OS: You definitely have a unique aesthetic to your games, can you tell me your thoughts on the balance of a game as art or a toy in relation to play?
JD: I put aesthetics above all else, hopefully every game I create is beautiful and intriguing enough to be displayed on a wall or shelf. After that goal is reached, I have a strict set of design constraints that help me to shape my games cohesively. Every designer has their own rules and guidelines. All of my games need to be player balanced so the game isn’t dictating the strategy and structure, and they need to be fully immersive. A dash of fun is always a plus too.
OS: I was really interested in your stated ethics in the games you create, if you’ll indulge me, could you tell me a little more about your emphasis on sustainability within production?
JD: This is a hard thing to fully control, at the moment I’m doing my best to make informed decisions and spend a lot more time on the design. I work with sustainable partners that have criteria for testing when possible, but I want to expand into local production through my own machinery over the coming years.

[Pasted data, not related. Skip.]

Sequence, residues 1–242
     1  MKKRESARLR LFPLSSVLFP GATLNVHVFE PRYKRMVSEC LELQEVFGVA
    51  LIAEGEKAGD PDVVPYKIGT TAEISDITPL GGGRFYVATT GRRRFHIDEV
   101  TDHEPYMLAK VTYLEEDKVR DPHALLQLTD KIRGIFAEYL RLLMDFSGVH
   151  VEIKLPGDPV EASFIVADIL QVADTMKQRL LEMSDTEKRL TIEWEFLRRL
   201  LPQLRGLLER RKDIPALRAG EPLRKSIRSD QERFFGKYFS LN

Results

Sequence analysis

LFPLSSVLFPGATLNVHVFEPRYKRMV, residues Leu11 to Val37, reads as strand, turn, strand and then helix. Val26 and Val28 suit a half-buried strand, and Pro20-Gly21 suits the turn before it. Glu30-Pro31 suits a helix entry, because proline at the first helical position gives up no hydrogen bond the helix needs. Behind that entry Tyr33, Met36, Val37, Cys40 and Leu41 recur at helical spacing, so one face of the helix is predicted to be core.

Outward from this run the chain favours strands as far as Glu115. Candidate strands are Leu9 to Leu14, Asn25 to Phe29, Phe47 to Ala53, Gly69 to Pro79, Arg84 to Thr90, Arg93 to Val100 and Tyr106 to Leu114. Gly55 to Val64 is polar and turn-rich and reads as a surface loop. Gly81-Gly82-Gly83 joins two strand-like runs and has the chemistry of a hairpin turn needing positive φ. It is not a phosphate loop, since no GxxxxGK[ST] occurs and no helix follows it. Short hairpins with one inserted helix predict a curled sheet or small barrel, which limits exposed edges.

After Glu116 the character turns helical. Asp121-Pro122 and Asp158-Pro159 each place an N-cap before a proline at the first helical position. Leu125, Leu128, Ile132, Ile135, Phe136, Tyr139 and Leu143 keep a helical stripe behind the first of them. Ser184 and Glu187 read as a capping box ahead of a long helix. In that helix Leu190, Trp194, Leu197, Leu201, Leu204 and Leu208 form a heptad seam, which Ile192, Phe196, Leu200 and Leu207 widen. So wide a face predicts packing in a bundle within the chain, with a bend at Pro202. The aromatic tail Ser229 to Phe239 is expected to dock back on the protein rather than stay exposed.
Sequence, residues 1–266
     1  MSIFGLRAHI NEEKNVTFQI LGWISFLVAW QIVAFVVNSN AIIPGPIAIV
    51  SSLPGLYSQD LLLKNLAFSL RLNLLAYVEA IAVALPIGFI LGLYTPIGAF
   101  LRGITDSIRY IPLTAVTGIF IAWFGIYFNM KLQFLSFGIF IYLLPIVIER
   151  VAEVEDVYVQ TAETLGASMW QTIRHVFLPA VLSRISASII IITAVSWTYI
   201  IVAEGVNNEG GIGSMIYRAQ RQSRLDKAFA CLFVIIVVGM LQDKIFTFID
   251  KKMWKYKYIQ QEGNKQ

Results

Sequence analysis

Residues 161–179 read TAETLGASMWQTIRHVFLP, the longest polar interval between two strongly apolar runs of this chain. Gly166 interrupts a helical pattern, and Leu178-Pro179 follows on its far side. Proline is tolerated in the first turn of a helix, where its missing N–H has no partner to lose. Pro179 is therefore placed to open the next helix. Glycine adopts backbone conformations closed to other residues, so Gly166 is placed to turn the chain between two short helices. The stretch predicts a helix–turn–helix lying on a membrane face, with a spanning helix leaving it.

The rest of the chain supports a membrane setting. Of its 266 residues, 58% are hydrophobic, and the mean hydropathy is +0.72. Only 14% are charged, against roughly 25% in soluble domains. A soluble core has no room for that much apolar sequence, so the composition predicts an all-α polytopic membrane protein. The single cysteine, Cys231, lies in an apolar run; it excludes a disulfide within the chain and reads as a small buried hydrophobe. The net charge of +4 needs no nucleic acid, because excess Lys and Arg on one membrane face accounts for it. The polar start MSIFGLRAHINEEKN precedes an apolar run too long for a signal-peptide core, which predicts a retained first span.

OS: …material exploration?
JD: Someone somewhere decided tabletop games have to be made entirely from paper based products. That’s all fine and good, but I hate rules. I’m convinced new materials will offer new ways to design, so I’m looking to set the groundwork for the industry here because I doubt anyone else will do it.
OS: …small box size?